Thursday, July 1, 2010

An Off-Topic July 4 Paean to American Exceptionalism: What the Russian Spy Affair Teaches Us

We're coming up on the July 4th weekend. Disease Management Care Blog traffic is winding down. All around you, presenteeism is rampant. Why be an exception? The DMCB says its OK to relax for a few minutes, because it's a good time of year to think about American Exceptionalism.

Before readers roll their eyes at this off-topic and unabashed jingoism, consider the mysterious case of the alleged 11 Russian "deep cover" agents. If the charges are correct, Moscow's intent was to penetrate U.S. policymaking circles with deep cover agents feigning middle class suburbanism. While the whole affair is enough to make one ask if le Carré's Karla never left us, the point is that foreign governments believe persons of modest means in the U.S. can influence elected officials, regulators, government appointees and politicians.

The surprising thing is that they are correct. It's even more surprising that we haven't noticed how significant that is.

Contrast American middle class political "access" with the powerful elitist, class-driven, connected, aristocratic, monied or familial undercurrents present in other democracies. Of course, the U.S. has its Camelots, legacy college admissions and gazillionaire politicians but where else could a person of color win the U.S. Presidency, a Latino scrape her way to the U.S. Supreme Court or a Jew armed with nothing but chutzpah, charm and intellect become a Harvard Dean and then navigate through the toxic partisan rancor of the U.S. Senate? In the meantime, the Brits' current Prime Minister is of royal descent, the French President not only insufferably acts like member of European nobility, he is one, and the Italian Prime Minister's privileged status is in no small measure helped by his considerable media empire.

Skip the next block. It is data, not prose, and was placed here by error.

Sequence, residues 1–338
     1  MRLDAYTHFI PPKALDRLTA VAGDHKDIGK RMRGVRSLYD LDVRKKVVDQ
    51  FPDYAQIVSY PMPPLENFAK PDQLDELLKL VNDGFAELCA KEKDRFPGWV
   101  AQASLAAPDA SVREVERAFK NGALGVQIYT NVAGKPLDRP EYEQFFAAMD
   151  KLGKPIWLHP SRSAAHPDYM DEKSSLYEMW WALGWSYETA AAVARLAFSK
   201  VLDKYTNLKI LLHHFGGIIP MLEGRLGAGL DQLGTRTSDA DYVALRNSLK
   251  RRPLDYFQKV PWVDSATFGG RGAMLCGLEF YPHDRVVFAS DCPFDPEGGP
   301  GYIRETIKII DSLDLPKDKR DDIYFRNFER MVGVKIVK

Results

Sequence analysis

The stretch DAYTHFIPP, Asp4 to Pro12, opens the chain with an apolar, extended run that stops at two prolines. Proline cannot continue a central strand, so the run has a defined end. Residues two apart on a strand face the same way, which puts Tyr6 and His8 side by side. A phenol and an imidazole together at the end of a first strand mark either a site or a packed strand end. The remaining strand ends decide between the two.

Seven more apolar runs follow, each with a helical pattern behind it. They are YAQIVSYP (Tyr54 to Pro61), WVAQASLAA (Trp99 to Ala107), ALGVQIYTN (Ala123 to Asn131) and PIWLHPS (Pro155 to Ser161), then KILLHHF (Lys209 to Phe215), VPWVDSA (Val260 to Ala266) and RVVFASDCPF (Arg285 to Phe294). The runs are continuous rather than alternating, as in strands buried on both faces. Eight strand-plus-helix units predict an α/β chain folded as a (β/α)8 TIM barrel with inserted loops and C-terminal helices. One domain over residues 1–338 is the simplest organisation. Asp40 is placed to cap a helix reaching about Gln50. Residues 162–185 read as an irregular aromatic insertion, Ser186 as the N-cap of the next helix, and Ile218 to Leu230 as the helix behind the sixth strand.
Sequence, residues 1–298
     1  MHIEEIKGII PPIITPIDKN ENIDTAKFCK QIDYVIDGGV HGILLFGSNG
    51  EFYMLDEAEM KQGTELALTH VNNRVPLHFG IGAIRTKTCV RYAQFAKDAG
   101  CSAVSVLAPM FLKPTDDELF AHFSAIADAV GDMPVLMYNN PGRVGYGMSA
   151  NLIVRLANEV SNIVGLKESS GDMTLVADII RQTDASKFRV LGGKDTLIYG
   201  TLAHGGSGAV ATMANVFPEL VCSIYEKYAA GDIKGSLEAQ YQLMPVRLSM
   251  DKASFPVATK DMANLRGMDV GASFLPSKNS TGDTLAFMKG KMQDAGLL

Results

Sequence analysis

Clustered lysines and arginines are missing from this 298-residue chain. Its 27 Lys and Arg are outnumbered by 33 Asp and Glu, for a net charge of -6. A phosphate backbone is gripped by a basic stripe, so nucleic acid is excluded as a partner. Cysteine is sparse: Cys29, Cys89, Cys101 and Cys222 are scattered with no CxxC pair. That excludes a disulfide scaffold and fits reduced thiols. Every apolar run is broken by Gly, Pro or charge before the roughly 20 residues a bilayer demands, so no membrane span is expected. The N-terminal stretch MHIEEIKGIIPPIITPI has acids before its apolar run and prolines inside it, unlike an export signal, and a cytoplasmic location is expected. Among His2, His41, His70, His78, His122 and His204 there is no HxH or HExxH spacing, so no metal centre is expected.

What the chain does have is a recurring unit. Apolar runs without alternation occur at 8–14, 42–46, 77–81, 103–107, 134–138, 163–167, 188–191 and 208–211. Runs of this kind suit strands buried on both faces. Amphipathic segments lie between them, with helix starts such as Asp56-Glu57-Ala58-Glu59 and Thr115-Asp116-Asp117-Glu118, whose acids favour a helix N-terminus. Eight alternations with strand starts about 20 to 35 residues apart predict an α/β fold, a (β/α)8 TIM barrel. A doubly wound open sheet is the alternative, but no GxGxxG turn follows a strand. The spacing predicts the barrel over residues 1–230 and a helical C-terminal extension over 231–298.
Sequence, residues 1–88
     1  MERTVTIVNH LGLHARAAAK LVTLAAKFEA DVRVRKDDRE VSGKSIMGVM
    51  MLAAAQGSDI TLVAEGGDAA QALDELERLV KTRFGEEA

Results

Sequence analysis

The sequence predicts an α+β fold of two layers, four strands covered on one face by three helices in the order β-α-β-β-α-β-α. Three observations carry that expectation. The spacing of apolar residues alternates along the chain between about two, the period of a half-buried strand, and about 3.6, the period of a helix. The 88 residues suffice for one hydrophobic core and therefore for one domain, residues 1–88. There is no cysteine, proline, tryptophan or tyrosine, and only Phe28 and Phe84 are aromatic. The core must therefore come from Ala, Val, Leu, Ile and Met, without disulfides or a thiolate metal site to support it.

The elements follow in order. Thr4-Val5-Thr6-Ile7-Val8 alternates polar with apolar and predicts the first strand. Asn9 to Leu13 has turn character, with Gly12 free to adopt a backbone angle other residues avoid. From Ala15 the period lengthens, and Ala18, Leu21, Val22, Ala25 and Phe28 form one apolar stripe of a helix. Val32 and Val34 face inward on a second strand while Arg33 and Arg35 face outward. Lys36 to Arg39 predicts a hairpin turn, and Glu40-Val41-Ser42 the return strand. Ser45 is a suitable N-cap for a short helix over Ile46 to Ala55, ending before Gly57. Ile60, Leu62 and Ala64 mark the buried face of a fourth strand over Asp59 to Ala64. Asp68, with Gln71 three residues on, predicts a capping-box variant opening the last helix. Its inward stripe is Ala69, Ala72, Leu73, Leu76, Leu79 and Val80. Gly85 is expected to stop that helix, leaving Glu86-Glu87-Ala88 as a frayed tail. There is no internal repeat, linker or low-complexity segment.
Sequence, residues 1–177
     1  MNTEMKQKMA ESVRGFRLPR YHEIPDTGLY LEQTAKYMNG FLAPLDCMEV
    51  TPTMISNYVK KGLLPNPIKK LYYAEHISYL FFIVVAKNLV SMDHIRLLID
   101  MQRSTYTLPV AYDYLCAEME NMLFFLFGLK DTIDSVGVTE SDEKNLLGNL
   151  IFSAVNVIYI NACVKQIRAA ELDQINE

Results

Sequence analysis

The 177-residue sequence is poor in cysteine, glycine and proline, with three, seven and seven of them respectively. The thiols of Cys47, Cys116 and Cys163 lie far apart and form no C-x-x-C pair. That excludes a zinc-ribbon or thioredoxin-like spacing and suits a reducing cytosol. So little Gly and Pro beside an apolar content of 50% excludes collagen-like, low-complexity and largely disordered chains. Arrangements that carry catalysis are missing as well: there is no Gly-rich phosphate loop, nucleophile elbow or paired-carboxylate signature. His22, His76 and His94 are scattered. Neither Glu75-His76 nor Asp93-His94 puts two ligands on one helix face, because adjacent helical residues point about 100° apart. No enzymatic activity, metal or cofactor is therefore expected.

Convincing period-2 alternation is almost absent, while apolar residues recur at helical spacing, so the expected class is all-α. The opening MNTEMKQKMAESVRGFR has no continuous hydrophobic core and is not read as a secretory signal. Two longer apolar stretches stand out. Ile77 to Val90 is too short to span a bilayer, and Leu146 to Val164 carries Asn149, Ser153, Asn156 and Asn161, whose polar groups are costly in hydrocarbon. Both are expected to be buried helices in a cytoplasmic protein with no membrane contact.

Authors, columnists and professors (just some of the chosen covers of the alleged spies) in many other countries certainly have the means to influence the political process. The point is that we Americans have long assumed that, because much of our ruling elite is, well, much like the rest of us, the barriers between our government and our authors, columnists, professors plus Joe the Plumbers, former Alaskan Governors and custard shop managers are far more porous. In the U.S., we've not only believed that persons of modest means can become Presidents and Supreme Court Justices, we've also come to expect that they will actually listen to us. Yes, it's a noisy mess of town halls, YouTube, talking heads, Tea-bagging, commenting on proposed regulations, political AM radio, blogging, emailing, California Propositions, PACs and Pink Alerts but it all works somehow. That's why anyone with an opinion on health reform should expect to be heard. Compared to the rest of the world, that's unique. That's exceptional.

This Russian Spy Affair shows Moscow was impressed enough to try to use it against us. We should be impressed too.

And on this July 4th, the anniversary of our Declaration of Independence, this is something to be grateful for.


Dr Synonymous said...

Hurray for the DMCB for great All-American insight! Hope your blog post is read by Andrew Bacevich who wrote The Limits of Power, The End of American Exceptionalism (2008). Your take on one aspect of exceptionalism should be echoed enthusiastically. Happy Fourth of July!

Jaan Sidorov said...

Thanks Dr. Syn. I forward the text to the Wall Street Journal for consideration in their "Notable and Quotable" section. I guess that's another manifestation of American Exceptionalism: belief in and the occasional use of the "Hail Mary Pass."